If you should wish for further information, corroborative or illustrative, of the authorized reports in relation to the war or the wants and prospects of the tribes on the reserve or elsewhere, I think you could be furnished with the same, as besides myself there is now in this city a very intelligent man, long a resident upon the coast, and familiar with matters of interest in that quarter.
    There is also a gentleman who aided Gen. Palmer in collecting the remnants and for two months taught the first school the poor children were ever in. His account of their progress is very interesting, and I think the information he could communicate to the Department would be useful as a basis for future action.
    With this I send two or three scraps [transcribed above] from California papers merely as evidence of the kind of articles I have published. Also a N.Y. Tribune of September; in [it] is a brief statement of the circumstances which occasioned the murder of the lamented Whitman, missionary to the Indians, in '48. Please let me know whether the Department will require any further reference as to credibility or character. If so I will furnish any reasonable amount from LaSalle Co., Ill., where I lived on one farm 22 years, or to numbers in Oregon & California. I am now at a "water cure" in N.Y. incurring debt for which I have no means at command to pay.
Please address
    Care of Fowler & Wells
        308 Broadway N.Y.
            And oblige your obedient servt.
                John Beeson
To Mr. Manypenny
of the Indian Department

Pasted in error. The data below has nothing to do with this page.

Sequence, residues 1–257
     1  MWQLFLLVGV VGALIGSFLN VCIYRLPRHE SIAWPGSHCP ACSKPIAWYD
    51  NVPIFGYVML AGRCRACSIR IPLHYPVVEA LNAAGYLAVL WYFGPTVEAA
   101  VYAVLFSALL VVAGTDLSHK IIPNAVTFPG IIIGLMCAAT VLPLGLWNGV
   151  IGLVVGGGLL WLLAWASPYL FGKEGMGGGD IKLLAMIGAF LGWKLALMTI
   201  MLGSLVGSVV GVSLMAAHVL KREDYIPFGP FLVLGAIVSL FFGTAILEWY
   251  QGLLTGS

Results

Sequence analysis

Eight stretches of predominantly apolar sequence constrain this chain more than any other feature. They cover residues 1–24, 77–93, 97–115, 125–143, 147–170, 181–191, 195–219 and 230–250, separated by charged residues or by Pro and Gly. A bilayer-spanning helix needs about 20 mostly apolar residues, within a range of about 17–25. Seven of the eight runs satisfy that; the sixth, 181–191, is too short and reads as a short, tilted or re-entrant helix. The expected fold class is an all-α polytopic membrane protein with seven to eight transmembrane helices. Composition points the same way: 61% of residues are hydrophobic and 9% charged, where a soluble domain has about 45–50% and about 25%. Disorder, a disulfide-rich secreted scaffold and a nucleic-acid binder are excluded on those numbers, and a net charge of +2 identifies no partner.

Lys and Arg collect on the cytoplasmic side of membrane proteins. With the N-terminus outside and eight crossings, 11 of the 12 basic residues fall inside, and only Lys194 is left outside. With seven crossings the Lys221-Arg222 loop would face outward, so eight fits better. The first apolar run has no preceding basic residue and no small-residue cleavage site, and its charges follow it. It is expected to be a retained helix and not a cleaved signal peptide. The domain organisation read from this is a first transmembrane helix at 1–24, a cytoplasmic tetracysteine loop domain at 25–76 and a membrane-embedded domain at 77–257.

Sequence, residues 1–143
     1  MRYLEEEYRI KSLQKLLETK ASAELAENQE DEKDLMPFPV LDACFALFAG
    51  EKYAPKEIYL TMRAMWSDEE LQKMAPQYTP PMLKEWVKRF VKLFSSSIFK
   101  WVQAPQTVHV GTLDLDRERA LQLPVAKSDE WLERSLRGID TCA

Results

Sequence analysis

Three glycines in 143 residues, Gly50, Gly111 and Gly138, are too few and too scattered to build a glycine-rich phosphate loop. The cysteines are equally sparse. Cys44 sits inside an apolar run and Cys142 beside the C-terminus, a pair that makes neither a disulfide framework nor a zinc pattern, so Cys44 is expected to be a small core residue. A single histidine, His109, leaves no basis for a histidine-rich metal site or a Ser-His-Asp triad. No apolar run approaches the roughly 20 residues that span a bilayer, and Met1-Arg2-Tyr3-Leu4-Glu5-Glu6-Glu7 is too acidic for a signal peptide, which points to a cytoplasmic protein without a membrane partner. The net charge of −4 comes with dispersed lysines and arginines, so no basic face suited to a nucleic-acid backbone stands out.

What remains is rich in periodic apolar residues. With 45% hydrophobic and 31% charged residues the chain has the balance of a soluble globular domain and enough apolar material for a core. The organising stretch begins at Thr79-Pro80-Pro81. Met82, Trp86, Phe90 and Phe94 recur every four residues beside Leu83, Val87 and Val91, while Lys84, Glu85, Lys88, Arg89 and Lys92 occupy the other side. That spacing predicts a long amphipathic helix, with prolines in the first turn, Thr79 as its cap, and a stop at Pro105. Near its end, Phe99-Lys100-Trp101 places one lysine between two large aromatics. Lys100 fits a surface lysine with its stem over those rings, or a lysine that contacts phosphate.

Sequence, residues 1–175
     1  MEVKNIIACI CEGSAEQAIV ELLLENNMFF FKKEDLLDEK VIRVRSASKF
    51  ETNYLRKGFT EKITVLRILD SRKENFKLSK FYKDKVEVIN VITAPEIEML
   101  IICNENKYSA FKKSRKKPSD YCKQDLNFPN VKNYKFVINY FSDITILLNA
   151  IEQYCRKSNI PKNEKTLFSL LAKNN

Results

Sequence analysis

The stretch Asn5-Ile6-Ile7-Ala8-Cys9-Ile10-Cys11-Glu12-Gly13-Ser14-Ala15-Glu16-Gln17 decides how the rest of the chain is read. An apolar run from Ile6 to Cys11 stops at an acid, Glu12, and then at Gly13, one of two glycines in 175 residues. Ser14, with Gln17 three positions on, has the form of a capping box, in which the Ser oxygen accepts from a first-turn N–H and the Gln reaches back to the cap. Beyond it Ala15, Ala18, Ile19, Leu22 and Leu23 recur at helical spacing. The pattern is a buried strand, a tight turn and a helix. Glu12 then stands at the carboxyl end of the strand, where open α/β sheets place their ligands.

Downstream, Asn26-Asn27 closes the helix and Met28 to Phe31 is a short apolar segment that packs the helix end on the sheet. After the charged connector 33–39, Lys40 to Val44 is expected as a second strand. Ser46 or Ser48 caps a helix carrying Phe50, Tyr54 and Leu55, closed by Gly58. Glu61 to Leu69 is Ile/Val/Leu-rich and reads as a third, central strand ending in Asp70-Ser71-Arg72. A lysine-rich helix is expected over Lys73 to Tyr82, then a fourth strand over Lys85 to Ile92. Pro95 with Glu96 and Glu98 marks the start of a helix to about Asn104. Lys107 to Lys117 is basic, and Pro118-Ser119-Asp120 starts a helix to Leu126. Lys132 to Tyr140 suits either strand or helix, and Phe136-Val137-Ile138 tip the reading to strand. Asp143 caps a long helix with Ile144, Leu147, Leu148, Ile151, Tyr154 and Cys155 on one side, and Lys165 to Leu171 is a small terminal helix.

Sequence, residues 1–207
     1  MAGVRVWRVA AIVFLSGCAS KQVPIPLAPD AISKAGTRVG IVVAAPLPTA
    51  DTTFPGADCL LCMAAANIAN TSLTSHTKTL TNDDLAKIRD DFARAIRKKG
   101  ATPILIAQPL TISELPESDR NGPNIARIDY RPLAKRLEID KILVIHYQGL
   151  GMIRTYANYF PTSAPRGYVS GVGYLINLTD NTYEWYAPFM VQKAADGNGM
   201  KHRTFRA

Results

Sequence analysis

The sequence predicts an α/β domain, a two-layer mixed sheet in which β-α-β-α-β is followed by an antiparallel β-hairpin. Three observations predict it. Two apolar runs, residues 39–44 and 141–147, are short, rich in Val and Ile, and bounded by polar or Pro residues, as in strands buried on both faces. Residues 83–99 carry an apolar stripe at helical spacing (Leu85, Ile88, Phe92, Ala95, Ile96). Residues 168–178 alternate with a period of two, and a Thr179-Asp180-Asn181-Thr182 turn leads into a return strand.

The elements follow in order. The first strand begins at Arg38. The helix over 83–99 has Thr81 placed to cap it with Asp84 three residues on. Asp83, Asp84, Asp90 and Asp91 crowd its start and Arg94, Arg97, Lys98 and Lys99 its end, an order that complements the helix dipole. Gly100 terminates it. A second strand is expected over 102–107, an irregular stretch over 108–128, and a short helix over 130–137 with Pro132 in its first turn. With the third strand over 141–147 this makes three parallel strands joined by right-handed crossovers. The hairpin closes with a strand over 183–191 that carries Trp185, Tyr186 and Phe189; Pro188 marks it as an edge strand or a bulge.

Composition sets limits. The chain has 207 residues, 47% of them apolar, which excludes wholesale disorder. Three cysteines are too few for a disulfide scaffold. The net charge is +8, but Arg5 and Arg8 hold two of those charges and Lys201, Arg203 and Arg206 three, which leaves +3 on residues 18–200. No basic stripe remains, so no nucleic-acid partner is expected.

NARA Series M234, Letters Received by the Office of Indian Affairs, Reel 609 Oregon Superintendency 1856, frames 14-17.  A copy is on NARA Series M234 Letters Received by the Office of Indian Affairs 1824-81, Reel 609 Oregon Superintendency, 1856.


OREGON WAR.
Review of Agent Metcalfe's Letter of Detente.

    Mr. Editor: In a late Oregon Statesman [letter of June 21, 1856], there is a letter from R. B. Metcalfe, whom the editor in a note informs us is a "gentleman of character and honor, kinsman of ex-Governor Metcalfe, of Kentucky, and Indian Agent for Southern Oregon."
    The letter purports to be written in defense of the people against certain statements going the rounds to their prejudice, and is mainly occupied with proof to show that the Indians under the Old Chief "John" were the aggressors in the war.
      I am somewhat acquainted with the circumstances, and believing that the Indians as well as the worthy citizens of Southern Oregon have been greatly injured by such a perversion of facts as Mr. Metcalfe's letter contains, I am induced to offer the following by way of correction.
      I will not charge Mr. Metcalfe with falsehood, but for argument's sake, admit all that he has said about the chiefs urging the tribes to combine for war. Yet I must observe, and I believe every high-minded citizen will agree with me, how unfair to give such a one-sided account against a venerable chief, and against a people who could not write a refutation of falsehood.